This paper aims to illustrate the Belgian administrative approach methods used by three pilot projects in order to fight organised crime. As to combat organised crime we need to be aware of the vulnerability of our society and its legal structures and, thus, work on the risk-resilient component. Vanderbeken (2001) points out that criminals benefit from the opportunity and that we offer them a way to use our legal structures to roll out their illegal activities. Until now, the Belgian answer to this crime has been the judicial investigation and maybe a settlement in court. These investigations take time, are mostly reactive and are not always successful. The administrative approach is seen by academics, politicians and civil servants as another way to tackle organised crime. To disturb the criminal process of organised crime, the Belgian government invoked three pilot projects to unroll an administrative approach for organised crime by using an integral and integrated method. The goal of these projects is twofold: on the one hand, they want to inform the municipal authorities and police forces about processes of criminality. On the other hand, they also want to support them in developing an administrative approach to prevent and maintain that these criminals use the local legal structures to put their businesses in place. International literature indicates that an administrative approach should consist of multidisciplinary actions on a target and introducing an adequate local regulatory framework. Within this framework, a municipality can request entrepreneurs to procure a permit or fulfil conditions for the exploitation of a business. When working with a permit or a system with conditions, the applicant can be asked to inform the municipality about his goals for the business, his financial sources, his background, etc. Another method is a multidisciplinary action. The municipality and the police can give a target a VIP (very irritating police) treatment, performed by a multidisciplinary team (police, inspection services, municipality services). Each member collects information in his domain and brings this information to the table. After the imaging phase, the team performs a joint action on the target(s), also called a flexcontrol, collects the information for their own service and takes measures. The aim of the control is to trace illicit goods, illegitimate money or illegal way of working and if possible, to take administrative sanctions, for example closing the business. By using these terms in the local regulation or doing a flexcontrol, important information can come to the surface to prevent or to maintain the public order. In brief, the combination of information, cooperation and multidisciplinary actions could proof to be one of the tools to tackle organised crime.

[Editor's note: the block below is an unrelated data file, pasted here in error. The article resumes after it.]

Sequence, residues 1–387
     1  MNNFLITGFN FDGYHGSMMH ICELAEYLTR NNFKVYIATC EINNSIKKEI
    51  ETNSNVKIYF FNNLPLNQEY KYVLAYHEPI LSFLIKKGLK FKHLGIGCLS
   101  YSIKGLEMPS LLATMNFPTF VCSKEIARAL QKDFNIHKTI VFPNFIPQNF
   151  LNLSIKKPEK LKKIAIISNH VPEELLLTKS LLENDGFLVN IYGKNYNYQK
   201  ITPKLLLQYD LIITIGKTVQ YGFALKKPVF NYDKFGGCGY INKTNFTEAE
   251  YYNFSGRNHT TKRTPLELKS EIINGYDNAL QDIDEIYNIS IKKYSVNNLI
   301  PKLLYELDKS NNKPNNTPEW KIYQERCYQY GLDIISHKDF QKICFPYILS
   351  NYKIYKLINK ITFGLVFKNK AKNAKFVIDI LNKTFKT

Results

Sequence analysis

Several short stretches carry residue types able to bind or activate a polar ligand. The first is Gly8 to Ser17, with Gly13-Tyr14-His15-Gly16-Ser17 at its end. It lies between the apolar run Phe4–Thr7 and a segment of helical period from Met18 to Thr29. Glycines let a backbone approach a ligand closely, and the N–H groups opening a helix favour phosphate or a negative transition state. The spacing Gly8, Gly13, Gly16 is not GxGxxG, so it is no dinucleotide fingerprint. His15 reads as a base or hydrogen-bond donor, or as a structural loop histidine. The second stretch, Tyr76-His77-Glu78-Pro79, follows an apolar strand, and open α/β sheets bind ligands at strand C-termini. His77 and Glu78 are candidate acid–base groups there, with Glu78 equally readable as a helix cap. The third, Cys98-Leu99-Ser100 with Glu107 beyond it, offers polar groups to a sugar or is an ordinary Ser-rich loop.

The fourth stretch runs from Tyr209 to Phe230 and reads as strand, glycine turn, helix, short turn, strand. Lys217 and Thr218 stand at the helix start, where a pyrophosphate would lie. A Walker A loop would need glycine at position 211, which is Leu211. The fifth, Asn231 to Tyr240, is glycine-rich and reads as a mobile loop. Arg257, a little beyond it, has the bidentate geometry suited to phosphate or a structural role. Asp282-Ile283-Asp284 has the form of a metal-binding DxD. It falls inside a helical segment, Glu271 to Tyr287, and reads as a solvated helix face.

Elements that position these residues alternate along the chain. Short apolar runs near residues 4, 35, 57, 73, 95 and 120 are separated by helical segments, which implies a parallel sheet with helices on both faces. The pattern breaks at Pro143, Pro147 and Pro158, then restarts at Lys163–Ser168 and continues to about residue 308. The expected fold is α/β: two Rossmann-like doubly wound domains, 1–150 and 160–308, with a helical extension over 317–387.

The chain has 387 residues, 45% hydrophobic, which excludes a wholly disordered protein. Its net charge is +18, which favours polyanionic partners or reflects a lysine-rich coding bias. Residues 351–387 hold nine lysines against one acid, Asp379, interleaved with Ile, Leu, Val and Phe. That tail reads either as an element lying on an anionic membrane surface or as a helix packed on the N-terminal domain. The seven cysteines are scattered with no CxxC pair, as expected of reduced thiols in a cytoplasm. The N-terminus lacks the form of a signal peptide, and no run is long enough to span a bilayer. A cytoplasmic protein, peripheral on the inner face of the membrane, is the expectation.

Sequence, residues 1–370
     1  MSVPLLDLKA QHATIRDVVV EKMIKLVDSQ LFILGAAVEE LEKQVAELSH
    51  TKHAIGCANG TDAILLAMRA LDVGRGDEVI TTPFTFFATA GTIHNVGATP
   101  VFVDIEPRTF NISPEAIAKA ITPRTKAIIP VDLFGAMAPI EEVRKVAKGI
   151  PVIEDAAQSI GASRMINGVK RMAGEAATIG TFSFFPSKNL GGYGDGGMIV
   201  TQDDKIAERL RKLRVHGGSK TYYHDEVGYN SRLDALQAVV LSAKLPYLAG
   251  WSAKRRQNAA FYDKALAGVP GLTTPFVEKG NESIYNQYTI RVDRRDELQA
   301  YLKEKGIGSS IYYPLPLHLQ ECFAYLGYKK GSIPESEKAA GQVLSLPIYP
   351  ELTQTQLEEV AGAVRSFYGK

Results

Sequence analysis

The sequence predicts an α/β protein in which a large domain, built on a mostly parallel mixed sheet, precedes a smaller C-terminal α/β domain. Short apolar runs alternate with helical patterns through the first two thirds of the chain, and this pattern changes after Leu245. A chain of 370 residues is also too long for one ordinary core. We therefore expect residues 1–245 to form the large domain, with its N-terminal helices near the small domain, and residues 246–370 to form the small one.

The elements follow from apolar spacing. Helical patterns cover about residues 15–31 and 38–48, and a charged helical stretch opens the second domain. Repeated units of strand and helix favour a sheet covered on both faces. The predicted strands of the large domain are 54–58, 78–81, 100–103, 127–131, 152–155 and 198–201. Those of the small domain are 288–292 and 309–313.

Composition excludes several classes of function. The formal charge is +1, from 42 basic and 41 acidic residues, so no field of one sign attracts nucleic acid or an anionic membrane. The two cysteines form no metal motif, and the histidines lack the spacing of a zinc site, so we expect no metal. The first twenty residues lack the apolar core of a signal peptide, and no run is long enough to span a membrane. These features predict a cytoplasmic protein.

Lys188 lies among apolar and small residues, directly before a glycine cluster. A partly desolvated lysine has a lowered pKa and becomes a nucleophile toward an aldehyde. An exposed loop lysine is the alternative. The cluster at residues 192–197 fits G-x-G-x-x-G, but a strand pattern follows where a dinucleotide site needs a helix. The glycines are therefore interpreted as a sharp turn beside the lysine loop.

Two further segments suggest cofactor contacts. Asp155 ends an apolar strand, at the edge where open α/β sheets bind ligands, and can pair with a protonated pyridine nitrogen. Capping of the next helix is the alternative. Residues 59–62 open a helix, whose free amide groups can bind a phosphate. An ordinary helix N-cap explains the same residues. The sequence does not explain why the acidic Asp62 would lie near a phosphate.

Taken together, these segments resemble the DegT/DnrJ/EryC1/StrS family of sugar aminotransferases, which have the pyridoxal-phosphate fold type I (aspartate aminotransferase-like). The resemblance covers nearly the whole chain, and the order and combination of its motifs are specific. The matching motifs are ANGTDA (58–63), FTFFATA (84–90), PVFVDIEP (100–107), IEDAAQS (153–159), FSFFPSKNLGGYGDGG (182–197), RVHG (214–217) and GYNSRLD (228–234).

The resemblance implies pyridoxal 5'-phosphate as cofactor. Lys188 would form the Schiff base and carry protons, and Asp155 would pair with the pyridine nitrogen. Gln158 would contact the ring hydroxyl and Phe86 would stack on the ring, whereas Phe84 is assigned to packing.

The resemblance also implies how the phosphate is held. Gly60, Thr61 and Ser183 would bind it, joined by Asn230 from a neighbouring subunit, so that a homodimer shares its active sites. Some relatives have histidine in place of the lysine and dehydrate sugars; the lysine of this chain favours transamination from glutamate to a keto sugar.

Van Der Beken, T. (2011). Kwetsbaarheid voor georganiseerde criminaliteit Een voor preventie bruikbaar concept? Justitiële verkenningen, jrg. 37, nr. 2. Pp. 121-133.